At the heart of Matthew Potts’s reflection on preaching, “this peculiar form of public speech” is a call to listen. As a pastor, Potts has learned that to comfort another in a moment of great suffering is “to allow the world to remain broken, to sit speechless with another in her loss and misery, to offer no solutions, to express only sorrow, using words only when necessary.” This doesn’t mean we shouldn’t speak or act, he stresses—we can and must—but that we should accept “our own finitude and failure,” recognize the limits of our language, and strive for poetry.
The dialogue section, on four enduring philosophers, also counsels empathy, humility, and attentiveness. Jin Li details how important “empathetic capacity” was for Mencius, as was the ability “to put aside one’s emotional arousal for empathy, and take action to actually do something about the suffering person.” Likewise, Margaret R. Miles describes Plotinus’s teaching that “one of the most important human capacities is empathy,” which “strengthens one’s identity with soul, the bearer of life, resulting in intensified identification with universal life.”
In Origen’s thought, Charles M. Stang explains, “Whenever we successfully pay steady attention to this or that, we inch closer to contemplation, and we blaze just a little brighter.” Similarly, Stephen C. Angle relates Zhu Xi’s advice to cultivate “reverential attention” in our daily lives so “we can eventually ensure that the emotions we experience tally with their life-affirming source.”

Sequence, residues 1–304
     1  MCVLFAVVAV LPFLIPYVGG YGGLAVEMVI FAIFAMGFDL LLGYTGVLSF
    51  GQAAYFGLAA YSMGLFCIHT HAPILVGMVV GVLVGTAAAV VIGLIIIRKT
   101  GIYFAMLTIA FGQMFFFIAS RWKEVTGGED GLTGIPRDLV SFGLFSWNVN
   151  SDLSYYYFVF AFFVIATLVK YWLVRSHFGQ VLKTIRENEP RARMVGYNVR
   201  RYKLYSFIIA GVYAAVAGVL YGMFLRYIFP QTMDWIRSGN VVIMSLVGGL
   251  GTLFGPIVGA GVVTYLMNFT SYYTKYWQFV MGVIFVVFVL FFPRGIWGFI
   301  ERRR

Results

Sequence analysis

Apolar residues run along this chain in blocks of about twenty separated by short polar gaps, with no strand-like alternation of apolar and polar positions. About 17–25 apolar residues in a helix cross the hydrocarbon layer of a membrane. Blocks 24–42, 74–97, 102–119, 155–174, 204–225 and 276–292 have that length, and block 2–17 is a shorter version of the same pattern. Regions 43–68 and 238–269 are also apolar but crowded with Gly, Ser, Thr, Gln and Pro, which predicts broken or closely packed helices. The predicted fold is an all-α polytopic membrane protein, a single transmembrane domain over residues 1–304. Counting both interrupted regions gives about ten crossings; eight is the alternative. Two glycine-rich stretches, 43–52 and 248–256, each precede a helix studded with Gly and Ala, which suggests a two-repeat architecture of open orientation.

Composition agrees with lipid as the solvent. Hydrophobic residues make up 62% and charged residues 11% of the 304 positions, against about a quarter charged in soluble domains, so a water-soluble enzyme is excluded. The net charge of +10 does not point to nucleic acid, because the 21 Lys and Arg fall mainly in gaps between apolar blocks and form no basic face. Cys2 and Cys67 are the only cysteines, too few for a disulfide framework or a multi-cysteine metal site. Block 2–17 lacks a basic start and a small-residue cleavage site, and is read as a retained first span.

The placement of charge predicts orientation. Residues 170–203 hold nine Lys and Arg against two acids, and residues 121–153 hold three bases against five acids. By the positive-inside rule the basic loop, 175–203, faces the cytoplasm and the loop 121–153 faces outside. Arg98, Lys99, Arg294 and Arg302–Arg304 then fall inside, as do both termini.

A beloved example of this is Thoreau, who found “all the motions of nature” to be the “circulations of God,” as Richard Higgins illustrates. José Cuellar also engages in reverential attention. In learning to play a collection of ancient ocarinas, he immediately recognizes each instrument as a sacred, spiritual entity worthy of his respect and care. “I learned that you can’t overblow on some or it hurts them,” he shares.
The still, small voice is alive in the review section, too. Timothy L. Gallati explores what it means to pay attention to silence and to allow that attention to change our orientation in the world. And Eliza Griswold’s close reading of a verse from the Bhagavad Gita describes a “reordering” in which she learns to “bend her mind below her heart” and thereby to “drop below the harried nonsense by which she defines herself.”5
My seven-year-old son likes to ask me, “Guess what instrument is my favorite?” I play along and guess: “Your violin?” “No!” A trumpet? “NO!” “A glockenspiel?” “NO!!” Finally he bursts out, “My voice!” He tells me each time, “Your voice is an instrument, and it’s always inside!”
May we listen to the still, small voices in our midst and sound our own instruments in response to them.
- All three words, “still,” “small” and “voice,” are accented, an example of spondaic meter. One purpose of spondaic meter in poetry is to stir an emotional response—e.g., the Keats line “And no birds sing.”
- I borrow this “metaphorical but grammatically strict translation” from “A Desert Reading,” by Michael Comins, CCAR Journal, Spring 2001.
- “Elijah, and the Prophetic Truth of the Still, Small Voice,” July 7, 2017, rabbisacks.org.
- “Elijah and the Still, Small Voice (Pinchas 5775),” July 6, 2015, rabbisacks.org. Here, he proposes that “the midrash and Maimonides set before us another model, . . . a prophet [who] hears not one imperative but two: guidance and compassion, a love of truth and an abiding solidarity with those for whom that truth has become eclipsed.”
- This is the inaugural essay in a new review category we’ve titled “In Scripture,” meant to be one author’s reflection on or appreciation of a scriptural passage.
Wendy McDowell is senior editor of the Bulletin.